Following the two current paradigms for the evolution of pro-social behaviors at the level of the individual, Dr. de Waal stresses kin selection (nepotism) of relatives helping each other, coupled with the self-interested reciprocity of “if you scratch my back, I’ll scratch yours.” He also notes that pro-social behaviors are found preferentially in mammals due to the likelihood that the inclinations of mothers to empathize and care for their young have spread into adult relationships.
The principal distinction from Dr. de Waal’s ideas I wish to make lies in the affective quality of the proximate emotion-and-motivation behind ape pro-social behavior. It is natural to focus on the goal-oriented, “pleasure principle” behind pro-social behavior. Indeed, an article in Science entitled, “Empathy and the Laws of Affect”, psychobiologist, Jaak Panksepp, hypothesizes that there are ancient internally mediated neurochemical rewards for pro-social behavior in all mammals.
However, it seems clear to me that the primary motivation to reconcile after a conflict is to lower the heightened aversive anxiety that the conflict created amongst all the parties involved. It is central to this Narrative that the aversive anxieties of interpersonal separation and social entrapment at the periphery of the group did the “heavy lifting” by holding in check the atavistic and powerfully antisocial fight and flight impulses. It is first and foremost due to the restraint and stability exerted by the social structure of primate dominance–submissive hierarchies that allowed the more gentle impulses of attraction that motivate affiliation to seep into the social lives of apes during their “down time” in behaviors such as grooming.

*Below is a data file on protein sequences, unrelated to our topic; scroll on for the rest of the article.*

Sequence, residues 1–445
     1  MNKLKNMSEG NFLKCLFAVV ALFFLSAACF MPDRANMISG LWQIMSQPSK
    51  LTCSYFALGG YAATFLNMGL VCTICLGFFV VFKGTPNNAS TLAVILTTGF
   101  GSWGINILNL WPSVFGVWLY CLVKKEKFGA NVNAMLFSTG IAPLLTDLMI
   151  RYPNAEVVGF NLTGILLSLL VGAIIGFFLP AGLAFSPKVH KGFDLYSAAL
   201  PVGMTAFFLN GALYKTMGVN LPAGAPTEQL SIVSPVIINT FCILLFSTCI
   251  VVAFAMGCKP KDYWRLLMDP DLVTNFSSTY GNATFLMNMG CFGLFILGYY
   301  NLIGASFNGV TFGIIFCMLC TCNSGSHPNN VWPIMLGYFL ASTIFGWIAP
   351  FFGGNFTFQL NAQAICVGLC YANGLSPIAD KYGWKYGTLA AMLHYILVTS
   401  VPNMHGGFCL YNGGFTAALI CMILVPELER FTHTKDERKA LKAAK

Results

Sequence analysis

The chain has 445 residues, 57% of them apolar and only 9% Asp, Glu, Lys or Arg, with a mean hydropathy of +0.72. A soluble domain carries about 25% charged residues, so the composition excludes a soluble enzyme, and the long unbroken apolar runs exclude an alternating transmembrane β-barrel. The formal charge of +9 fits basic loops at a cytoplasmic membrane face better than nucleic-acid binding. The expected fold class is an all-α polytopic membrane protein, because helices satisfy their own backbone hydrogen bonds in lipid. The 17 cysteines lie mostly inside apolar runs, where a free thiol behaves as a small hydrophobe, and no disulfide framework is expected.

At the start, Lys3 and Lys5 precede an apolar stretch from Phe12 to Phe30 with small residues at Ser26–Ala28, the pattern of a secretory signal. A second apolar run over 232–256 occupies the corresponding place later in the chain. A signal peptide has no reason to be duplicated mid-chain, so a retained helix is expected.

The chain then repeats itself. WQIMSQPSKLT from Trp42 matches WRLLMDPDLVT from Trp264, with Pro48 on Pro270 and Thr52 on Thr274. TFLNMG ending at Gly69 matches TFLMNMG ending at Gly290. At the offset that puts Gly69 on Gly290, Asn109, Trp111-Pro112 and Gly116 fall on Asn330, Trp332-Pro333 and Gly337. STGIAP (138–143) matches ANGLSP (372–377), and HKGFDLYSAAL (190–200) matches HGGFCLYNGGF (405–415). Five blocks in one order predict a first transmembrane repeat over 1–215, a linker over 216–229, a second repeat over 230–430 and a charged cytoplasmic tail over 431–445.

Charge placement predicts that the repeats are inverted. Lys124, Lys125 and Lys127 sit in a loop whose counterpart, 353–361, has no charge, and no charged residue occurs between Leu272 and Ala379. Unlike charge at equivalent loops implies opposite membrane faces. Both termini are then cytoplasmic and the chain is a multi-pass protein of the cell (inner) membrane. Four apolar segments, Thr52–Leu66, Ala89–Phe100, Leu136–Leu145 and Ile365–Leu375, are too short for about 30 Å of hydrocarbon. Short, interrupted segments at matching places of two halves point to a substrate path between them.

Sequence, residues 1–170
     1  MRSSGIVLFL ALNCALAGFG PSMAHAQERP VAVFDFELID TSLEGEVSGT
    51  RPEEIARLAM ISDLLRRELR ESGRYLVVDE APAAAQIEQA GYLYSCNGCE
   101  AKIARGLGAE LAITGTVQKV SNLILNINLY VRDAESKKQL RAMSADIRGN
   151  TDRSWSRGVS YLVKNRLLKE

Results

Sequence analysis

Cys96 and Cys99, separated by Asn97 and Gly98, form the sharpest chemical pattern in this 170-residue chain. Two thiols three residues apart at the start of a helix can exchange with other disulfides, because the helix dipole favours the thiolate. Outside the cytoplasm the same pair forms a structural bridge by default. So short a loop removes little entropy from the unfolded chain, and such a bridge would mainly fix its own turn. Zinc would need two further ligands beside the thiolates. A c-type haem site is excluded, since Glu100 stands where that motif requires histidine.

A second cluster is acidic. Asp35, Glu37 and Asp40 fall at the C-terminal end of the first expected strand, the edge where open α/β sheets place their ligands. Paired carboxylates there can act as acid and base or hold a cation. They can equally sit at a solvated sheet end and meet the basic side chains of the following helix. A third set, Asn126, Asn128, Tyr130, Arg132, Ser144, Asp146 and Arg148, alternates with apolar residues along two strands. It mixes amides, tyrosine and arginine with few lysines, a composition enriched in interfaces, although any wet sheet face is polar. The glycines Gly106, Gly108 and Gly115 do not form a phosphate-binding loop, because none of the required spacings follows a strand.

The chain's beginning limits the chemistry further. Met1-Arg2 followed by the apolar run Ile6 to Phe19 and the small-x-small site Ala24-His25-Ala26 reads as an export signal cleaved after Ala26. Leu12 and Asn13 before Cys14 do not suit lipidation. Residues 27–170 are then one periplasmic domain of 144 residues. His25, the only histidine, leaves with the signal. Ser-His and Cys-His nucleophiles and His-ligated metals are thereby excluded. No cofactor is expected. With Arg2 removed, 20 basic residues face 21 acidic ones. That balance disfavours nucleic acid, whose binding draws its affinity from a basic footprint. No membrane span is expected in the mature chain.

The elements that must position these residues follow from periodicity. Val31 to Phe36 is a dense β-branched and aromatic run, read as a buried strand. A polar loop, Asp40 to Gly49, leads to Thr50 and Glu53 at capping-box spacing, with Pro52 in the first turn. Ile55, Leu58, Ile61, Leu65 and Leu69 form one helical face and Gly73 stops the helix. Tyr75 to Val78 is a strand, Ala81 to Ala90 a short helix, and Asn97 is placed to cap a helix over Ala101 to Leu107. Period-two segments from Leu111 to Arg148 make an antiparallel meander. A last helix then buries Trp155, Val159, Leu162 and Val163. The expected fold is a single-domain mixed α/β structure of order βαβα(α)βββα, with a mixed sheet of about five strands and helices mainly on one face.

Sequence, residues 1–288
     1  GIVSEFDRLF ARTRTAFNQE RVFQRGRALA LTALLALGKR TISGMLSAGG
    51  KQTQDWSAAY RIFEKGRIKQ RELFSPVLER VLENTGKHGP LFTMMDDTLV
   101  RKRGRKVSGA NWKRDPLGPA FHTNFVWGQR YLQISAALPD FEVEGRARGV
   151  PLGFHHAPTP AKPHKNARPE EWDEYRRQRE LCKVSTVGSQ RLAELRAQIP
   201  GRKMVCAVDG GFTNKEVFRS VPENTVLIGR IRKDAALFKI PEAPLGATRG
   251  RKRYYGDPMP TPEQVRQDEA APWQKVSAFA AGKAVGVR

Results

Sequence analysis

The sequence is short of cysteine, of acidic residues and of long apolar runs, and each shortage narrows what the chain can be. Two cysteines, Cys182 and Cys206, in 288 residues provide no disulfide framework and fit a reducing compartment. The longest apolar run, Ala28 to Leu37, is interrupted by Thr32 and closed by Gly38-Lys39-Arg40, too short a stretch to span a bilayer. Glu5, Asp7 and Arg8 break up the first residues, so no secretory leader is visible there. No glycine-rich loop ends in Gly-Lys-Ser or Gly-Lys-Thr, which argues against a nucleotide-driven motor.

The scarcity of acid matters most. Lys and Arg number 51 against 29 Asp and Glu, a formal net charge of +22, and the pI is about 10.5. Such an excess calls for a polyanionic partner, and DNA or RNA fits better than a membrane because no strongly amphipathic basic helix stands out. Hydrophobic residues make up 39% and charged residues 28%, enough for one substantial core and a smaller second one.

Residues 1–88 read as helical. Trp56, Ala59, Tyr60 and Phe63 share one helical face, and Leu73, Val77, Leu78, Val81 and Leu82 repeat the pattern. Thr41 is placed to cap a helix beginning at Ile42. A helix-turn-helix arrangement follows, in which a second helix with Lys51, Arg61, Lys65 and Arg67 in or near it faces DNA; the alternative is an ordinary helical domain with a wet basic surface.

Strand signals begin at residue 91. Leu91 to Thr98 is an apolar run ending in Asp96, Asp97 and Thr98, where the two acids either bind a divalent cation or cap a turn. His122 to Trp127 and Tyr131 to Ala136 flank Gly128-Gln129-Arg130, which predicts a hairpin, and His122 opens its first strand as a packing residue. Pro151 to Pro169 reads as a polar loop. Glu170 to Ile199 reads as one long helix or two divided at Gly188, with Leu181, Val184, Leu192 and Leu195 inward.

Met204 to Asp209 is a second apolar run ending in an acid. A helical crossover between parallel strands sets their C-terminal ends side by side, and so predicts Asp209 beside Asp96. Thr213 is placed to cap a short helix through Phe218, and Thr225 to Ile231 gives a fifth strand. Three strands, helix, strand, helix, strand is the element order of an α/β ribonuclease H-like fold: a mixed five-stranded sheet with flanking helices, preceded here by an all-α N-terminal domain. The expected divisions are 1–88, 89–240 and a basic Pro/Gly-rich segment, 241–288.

The Narrative in this blog suggests that the balancing of temperaments in dogs was secondary to selection for obedience to humans, which then allowed the pro-social elements of wolves (noted by Bekoff and Pierce in Wild Justice: The Moral Lives of Animals-2009) to emerge unimpeded in dogs. Orders of magnitude further than dogs, the result of the hominin metamorphosis was the absorption of the atavistic fight-flight impulses into the two social anxieties creating a hardened protective shell of authority around the internal interactions of their groups. Under the dominance of group authority, pro-social qualities could decisively emerge in hominins from their relatively peripheral role in the social groups of apes, from which, decades ago, Dr. de Waal had been forbidden to enter in a dream he had, described in Chimpanzee Politics:
I clearly remember the first dream I had about chimpanzees. In it my preoccupation with the distance between them and me was apparent. During this dream the large door to their quarters was opened for me from the inside. The apes were pushing each other aside in order to get a good look at me. Yeron, the oldest male, stepped forward and shook my hand. Rather impatiently he listened to my request to come in. He refused point blank. That was out of the question, he said, and besides, their society would not suit me: it was much too harsh for a human being.